followed by third tweet, in which I took issue with the vision-centric assumptions behind Adrian Teal’s original, i.e., why does he assume we would use photography instead of odorography?:
A few minutes later another twitterer and historian of science/medicine chimed in.
Being a long-time fan (see here) of Le Laboratoire’s founder and director David Edwards, a Harvard professor in biomedical engineering with an interest in aerosols, molecular gastronomy, and other smell-generating stuff (we’re working together in the Studiolabscience-art consortium), I quickly replied (still with Jaipreet and Adrian in the loop, of course):
As a good historian of science/medicine, Nathanael was a bit skeptical, however:
After a quick glance at the Ophone website, I had to admit Nathaniel’s skepticism was sound: David Edwards tells us the OPHONET “allows you to send olfactory messages instantaneously around the world.” (I would probably call that a teleodoron rather than ophone, but that’s a linguistic detail). If it works, if only with coffee flavours, it would indeed be revolutionary.
In the meantime, our conversation had been put on track by a real museum curator, David Pantalony (@SciTechCurator), who didn’t let himself be carried away by any futuristic scenarios:
A curator of physical sciences and medicine at the Canada Science and Technology Museum in Ottawa, David has 701 followers on Twitter and has produced more than 2400 tweets over the last years covering a wide range of topics relating to collection and exhibition curating. (A retweet by David means you reach some 500 curators in the sci and tech museum world!)
David apparently also thought an odorograph of smell would be more interesting than a photographic image, but qualified the discussion by making an analogy between audography and photography:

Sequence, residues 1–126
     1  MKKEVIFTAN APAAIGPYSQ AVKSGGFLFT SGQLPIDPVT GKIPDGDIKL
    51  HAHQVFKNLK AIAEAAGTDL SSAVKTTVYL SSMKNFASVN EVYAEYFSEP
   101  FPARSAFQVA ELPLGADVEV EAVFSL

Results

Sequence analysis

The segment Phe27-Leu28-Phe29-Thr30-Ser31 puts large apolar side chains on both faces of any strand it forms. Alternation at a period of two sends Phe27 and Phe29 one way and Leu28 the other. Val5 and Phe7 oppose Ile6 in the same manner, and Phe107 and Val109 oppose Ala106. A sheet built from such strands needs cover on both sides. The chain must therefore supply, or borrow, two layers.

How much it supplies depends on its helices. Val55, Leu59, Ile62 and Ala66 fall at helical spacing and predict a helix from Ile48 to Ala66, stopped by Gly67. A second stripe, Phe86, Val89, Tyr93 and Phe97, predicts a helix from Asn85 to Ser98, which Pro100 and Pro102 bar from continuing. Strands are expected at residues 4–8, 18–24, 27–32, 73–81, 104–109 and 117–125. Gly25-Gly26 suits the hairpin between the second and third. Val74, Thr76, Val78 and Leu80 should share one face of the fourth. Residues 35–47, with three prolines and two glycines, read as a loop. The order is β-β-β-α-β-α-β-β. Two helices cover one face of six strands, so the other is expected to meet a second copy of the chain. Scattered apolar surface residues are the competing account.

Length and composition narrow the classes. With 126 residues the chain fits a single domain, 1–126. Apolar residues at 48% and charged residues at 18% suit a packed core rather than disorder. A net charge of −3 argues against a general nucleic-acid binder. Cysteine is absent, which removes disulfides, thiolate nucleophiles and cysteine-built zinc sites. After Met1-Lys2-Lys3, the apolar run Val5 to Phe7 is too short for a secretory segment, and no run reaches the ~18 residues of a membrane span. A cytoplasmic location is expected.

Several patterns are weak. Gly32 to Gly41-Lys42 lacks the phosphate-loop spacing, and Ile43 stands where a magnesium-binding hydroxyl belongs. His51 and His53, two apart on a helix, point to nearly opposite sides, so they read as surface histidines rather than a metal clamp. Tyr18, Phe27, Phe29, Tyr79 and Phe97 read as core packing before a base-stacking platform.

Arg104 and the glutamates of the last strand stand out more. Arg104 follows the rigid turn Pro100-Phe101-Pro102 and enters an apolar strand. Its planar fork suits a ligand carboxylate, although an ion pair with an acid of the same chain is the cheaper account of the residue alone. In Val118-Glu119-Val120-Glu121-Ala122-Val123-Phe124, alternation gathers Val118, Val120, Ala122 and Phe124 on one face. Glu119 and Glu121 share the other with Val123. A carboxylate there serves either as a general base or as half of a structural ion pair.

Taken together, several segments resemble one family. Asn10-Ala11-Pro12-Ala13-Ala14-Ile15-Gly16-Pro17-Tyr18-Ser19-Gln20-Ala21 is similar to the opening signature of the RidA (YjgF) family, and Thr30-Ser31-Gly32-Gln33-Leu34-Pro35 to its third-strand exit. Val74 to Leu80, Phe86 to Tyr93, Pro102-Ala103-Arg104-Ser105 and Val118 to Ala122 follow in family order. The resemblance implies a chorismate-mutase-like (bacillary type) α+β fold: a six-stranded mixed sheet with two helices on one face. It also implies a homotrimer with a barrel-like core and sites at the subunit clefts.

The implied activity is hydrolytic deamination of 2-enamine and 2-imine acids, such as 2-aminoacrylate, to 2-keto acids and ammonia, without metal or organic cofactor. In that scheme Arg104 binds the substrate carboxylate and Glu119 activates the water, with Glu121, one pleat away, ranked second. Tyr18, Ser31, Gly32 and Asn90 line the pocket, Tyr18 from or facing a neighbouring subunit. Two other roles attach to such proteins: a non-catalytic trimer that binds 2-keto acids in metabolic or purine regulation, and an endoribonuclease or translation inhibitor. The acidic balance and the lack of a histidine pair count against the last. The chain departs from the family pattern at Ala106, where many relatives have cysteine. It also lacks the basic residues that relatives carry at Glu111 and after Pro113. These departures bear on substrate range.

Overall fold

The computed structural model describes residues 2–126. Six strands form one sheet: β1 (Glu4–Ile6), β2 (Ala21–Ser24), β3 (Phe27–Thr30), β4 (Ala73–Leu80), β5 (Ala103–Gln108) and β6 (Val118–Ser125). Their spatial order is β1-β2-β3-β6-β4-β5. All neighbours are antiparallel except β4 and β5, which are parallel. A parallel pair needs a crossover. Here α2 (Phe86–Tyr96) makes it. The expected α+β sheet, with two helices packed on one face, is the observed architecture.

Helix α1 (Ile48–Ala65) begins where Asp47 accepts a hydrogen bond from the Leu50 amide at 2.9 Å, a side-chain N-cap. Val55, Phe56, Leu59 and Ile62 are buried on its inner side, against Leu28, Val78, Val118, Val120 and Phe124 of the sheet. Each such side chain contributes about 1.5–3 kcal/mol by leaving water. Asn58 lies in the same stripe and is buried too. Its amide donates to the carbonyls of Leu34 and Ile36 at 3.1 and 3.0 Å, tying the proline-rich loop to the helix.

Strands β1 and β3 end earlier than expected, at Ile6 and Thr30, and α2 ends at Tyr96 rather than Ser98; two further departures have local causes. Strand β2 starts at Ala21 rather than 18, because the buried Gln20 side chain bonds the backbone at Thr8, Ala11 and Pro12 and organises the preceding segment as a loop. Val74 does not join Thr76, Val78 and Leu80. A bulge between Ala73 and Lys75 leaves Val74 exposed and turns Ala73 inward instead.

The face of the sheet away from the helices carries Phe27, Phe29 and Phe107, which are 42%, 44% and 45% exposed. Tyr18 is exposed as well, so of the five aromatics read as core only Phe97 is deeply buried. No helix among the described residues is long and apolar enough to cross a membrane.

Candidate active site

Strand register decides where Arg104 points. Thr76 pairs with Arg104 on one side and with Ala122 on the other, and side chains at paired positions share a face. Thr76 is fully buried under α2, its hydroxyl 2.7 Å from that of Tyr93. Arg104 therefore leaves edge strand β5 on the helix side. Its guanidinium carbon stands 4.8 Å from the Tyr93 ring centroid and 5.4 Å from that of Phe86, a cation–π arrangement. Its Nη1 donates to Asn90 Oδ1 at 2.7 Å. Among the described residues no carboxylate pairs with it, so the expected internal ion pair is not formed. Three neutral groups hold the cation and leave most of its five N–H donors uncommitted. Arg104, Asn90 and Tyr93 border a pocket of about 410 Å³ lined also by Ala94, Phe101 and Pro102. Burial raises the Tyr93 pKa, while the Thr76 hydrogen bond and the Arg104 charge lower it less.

And Jaipreet seemed to agree that I had been too harsh on Adrian:
Anyway — there’s where we ended a few minutes after eight in the evening. And Jaipreet summed up:
And I got the idea to use this Saturday evening chat as an example of how Twitter can be used to enhance the interactions between researchers and curators.
I’m not suggesting that this short exchange of tweets is particularly unique or mindbreaking. We didn’t go deep into the subject and we stopped after short number of turns. But it is typical of how social media can be used for professional purposes. In fact, over the last couple of years, I have had several conversations of this kind each month with a wide range of Twitter users, both researchers and curators and other kinds of professionals — some shorter, some longer. Discussions with Rebekah Higgitt(@beckyfh) sometimes extend over 15-25 turns with up to a handfull of interlocutors.
But even if the chat relayed above is pretty mundane, it illustrates some of the experiences a growing number of users of social media for academic and curatorial purposes have made:
- Social media allow for instant discussion: Within a few minutes Jaipreet, Nathaniel, David and I were engaged in a conversation about a neglected topic (the representation of smell) in the history of STM and STM museums.
- Social media increase the chances of contacts between researchers and curators considerably: The four of us have never met before, and chances are low we would have had this discussion in a coffee break between conference sessions.
- You don’t need to travel to meet: You can discuss at length with many people without any travel costs and minimal carbon footprint.
- It’s informal: You can have a beer or take a bath while discussing serious matters.
- Twitter breaks down hierarchies: It doesn’t matter who’s a senior professor and who’s a PhD candidate –the best argument creates responses, generates discussion, and increases the number of followers. It also makes turn-taking easier, and breaks down the all too common male domination in seminar discussions.
- Social media nivellate cultural and linguistic barriers: It doesn’t matter if you speak with a strong accent or master the intricacies of English grammar.
- Twitter isn’t built for bullshit: The 140 character limit forces you to sharpen and focus your argument.
I don’t suggest Twitter and other social media are substitutes for conference presentations or academic publishing. But they are a most useful complement to these traditional channels for intellectual exchange. That’s the reason why I think Twitter combined with other social media is the best tool we have these days for extending the traditional aims of science, technology and medical museums.